I am a public employee and I think I might have been fired for my first amendment expressions, what can I do and what do I have to prove?
24 February 2023
Answer: You can bring a claim in court, and what you have to prove is to meet the burden shifting test enunciated in a 1977 United States Supreme Court decision named Mt. Healthy City Sch. Dist. Bd. of Educ. v. Doyle.
The Mt. Healthy standard was just applied to a recent case titled Salmon v. Lang where the United States Court of Appeals for the First Circuit found the plaintiff did not meet the test. 57 F.4th 296 (1st Cir. 2022). In Salmon, the plaintiff was a teacher that alleged certain negative employment actions, such as workplace harassment, disciplinary action, and transfer denials were attributable to and done to her due to her protected first amendment speech by way of her union advocacy. She brought a first amendment claim among others in federal court and it ruled in favor of the defendants at the summary judgment stage. Overall, on a speech retaliation claim as a public employee a plaintiff must prove that: 1) he spoke as a citizen on a matter of public concern; 2) her employer lacked an adequate justification for treating [him] differently from any other member of the general public, and 3) his protected expression was a substantial or motivating factor in the adverse employment decision. Id. at 308.
The third element was the focus of the appeal. The Mt. Healthy standard comes into play here with a burden shifting test. First the plaintiff must show that but for the proper first amendment expression, the defendant employer would not have taken the adverse action, but way of showing a causal link between the adverse action and the protected conduct. If that is met, the burden shifts to the employer to show an alternative reason for the adverse action, and if that is met, the burden shifts again to the employee to negate the alternative reason. Id. at 309. The appeals court found the plaintiff was unable to show there was a causal link between Salmon’s union advocacy and any negative employment decisions. Although too detailed to explore here, there were particular facts at issue that were relied upon, such as the narrow fact of whether a boss was being willing to meet but just not at the date and time requested.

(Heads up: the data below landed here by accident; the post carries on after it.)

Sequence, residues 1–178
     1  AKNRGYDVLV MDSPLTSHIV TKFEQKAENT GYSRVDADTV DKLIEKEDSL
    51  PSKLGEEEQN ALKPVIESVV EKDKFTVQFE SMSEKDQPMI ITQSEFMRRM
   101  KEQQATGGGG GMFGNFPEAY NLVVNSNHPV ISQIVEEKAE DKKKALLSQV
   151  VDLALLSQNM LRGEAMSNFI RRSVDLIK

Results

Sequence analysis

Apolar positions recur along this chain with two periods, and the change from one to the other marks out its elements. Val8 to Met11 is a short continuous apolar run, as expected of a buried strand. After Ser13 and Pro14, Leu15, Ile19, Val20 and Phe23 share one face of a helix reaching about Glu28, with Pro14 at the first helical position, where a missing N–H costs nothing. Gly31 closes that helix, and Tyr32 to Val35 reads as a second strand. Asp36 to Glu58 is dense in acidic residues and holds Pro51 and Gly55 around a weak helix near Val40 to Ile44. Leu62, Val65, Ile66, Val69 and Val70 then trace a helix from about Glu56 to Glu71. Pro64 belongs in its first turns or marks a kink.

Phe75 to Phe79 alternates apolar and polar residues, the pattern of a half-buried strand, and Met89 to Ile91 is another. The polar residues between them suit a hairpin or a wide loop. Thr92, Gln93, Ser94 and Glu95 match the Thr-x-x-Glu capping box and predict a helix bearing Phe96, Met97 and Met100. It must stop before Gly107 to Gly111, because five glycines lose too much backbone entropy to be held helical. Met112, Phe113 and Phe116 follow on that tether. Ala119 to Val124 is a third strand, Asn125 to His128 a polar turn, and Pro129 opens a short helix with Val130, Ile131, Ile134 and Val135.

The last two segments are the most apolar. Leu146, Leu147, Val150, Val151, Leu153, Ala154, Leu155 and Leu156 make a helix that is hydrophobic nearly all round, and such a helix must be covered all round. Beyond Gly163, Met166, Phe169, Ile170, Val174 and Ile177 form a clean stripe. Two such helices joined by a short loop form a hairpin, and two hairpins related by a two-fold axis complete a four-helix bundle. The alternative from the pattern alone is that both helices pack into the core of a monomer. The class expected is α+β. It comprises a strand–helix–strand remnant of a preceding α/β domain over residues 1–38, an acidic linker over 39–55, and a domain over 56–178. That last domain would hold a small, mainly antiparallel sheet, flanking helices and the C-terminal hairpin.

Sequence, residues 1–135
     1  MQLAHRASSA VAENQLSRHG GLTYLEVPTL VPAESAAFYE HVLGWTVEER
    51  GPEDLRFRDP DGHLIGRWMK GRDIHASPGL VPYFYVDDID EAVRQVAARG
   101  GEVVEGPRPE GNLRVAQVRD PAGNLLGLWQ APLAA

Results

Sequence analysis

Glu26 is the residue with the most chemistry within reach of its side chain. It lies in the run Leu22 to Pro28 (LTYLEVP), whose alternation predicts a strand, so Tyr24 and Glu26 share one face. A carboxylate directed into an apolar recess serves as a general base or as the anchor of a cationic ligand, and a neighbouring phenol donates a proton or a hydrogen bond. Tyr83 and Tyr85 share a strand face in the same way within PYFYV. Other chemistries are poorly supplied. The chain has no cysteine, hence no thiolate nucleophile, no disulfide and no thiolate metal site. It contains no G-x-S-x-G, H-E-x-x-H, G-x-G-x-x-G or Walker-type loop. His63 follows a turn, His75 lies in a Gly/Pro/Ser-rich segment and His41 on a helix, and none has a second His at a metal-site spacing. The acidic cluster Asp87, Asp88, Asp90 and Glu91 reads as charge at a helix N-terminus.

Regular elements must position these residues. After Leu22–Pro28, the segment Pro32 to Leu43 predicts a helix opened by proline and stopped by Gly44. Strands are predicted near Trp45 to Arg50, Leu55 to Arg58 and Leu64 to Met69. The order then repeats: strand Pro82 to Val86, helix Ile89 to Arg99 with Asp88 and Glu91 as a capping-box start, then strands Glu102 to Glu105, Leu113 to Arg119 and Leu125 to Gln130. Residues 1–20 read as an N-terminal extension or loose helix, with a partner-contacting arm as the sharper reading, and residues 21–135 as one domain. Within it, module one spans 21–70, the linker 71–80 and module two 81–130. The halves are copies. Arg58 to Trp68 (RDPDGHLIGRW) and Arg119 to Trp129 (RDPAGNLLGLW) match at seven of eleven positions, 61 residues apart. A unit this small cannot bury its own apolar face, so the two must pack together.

What the Salmon case indicates to the author here is that to establish a first amended retaliation claim is a tough row to hoe, and that particular facts are crucially important. It is also a complicated analysis where credibility will be at stake. There really needs to be something substantial indicating why the adverse actions were taken that support the plaintiff’s claims. The author suggests that a plaintiff should have documentation and even more determination to prevail.
In the event you believe you are the victim of a first amendment retaliation claim, feel free to give this office a call.